Popes John Paul II and Benedict XVI on Sudan (Updated)

Popes John Paul II and Benedict XVI on Sudan (Updated) October 11, 2007

With all the discussion about the horrible crimes against humanity which have been and continue to be done in the Sudan, I thought it would be interesting, appropriate, and even important to read and learn from the wisdom of Pope John Paul II and Benedict XVI. How do they describe the situation? What do they think should be done?

On May 17, 2002, Pope John Paul II said to the Ambassador of the Sudan to the Holy See:

Today, when your country is seeking concrete and suitable solutions to a spiral of violence that is so harshly trying your civil populations and their goods, I express my strong desire that all your citizens may find the path of loyal and responsible collaboration, to help end once and for all the conflicts which have brought nothing but wretchedness to the country for so many years. The gradual modernization of the economy, institutions and way of life goes hand in hand with a constructive dialogue for peace and a serious commitment to laying down arms. These are the conditions that will pave the way to a reconciled and united society.

On Sunday July 25, 2004, Pope John Paul said at Castel Gandolfo:

Equally disturbing is the plight of the beloved peoples of Darfur, the western region of Sudan that borders on Chad. The war, which has gathered momentum in recent months, has brought ever greater poverty, desperation and death. At least 20 harsh battles in Sudan have resulted in vast numbers of dead, evacuees and refugees. How can we remain indifferent? I address a heartfelt appeal to the political leaders and international organizations not to forget these harshly-tried brothers and sisters of ours.

In his address to Cardinal Gabriel Zubeir Wako on November 28,2005, Pope Benedict XVI said:

The cessation of the civil war and the enactment of a new Constitution have brought hope to the long suffering people of Sudan. While there have been setbacks along the path of reconciliation, not least the tragic death of John Garang, there now exists an unprecedented opportunity and indeed duty for the Church to contribute significantly to the process of forgiveness and national reconstruction.

For his Christmas Urbi et Orbi Message of 2005, Pope Benedict said:

May the God who became man out of love for humanity strengthen all those in Africa who work for peace, integral development and the prevention of fratricidal conflicts, for the consolidation of the present, still fragile political transitions, and the protection of the most elementary rights of those experiencing tragic humanitarian crises, such as those in Darfur and in other regions of central Africa.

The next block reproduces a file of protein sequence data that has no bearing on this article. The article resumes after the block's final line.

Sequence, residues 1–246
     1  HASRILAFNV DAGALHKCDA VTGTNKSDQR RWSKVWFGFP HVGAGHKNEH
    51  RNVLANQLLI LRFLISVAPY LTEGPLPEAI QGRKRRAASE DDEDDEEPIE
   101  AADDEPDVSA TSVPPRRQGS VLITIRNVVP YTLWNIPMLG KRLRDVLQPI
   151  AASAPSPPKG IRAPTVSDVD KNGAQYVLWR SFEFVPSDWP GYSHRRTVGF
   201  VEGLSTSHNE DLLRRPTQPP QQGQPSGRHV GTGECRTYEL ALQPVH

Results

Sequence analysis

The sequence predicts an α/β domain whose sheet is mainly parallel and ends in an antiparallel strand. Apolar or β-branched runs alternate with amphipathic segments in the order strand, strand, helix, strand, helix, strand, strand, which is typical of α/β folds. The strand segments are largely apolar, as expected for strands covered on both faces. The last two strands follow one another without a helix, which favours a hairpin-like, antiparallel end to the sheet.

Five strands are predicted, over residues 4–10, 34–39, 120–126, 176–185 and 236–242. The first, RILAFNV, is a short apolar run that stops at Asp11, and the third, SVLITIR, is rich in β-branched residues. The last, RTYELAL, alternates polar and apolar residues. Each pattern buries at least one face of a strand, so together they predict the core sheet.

Continuing in a similar way, in his 2006 Urbi et Orbi Message for Christmas, Pope Benedict restated his view with a prayer for peace:

I pray to God that in Sri Lanka the parties in conflict will heed the desire of the people for a future of brotherhood and solidarity; that in Darfur and throughout Africa there will be an end to fratricidal conflicts, that the open wounds in that continent will quickly heal and that the steps being made towards reconciliation, democracy and development will be consolidated. May the Divine Child, the Prince of Peace, grant an end to the outbreaks of tension that make uncertain the future of other parts of the world, in Europe and in Latin America.

At Easter, Pope Benedict once again reflected upon the terrible situation in Darfur for his 2007 Paschal Urbi et Orbi message:

How many wounds, how much suffering there is in the world! Natural calamities and human tragedies that cause innumerable victims and enormous material destruction are not lacking. My thoughts go to recent events in Madagascar, in the Solomon Islands, in Latin America and in other regions of the world. I am thinking of the scourge of hunger, of incurable diseases, of terrorism and kidnapping of people, of the thousand faces of violence which some people attempt to justify in the name of religion, of contempt for life, of the violation of human rights and the exploitation of persons. I look with apprehension at the conditions prevailing in several regions of Africa. In Darfur and in the neighbouring countries there is a catastrophic, and sadly to say underestimated, humanitarian situation. In Kinshasa in the Democratic Republic of the Congo the violence and looting of the past weeks raises fears for the future of the Congolese democratic process and the reconstruction of the country. In Somalia the renewed fighting has driven away the prospect of peace and worsened a regional crisis, especially with regard to the displacement of populations and the traffic of arms. Zimbabwe is in the grip of a grievous crisis and for this reason the Bishops of that country in a recent document indicated prayer and a shared commitment for the common good as the only way forward.

On June 1, 2007, Pope Benedict had even more words to say about Darfur, this time to H.E. Mr Ahmed Hamid Elfaki Hamid, the Ambassador of the Sudan to the Holy See: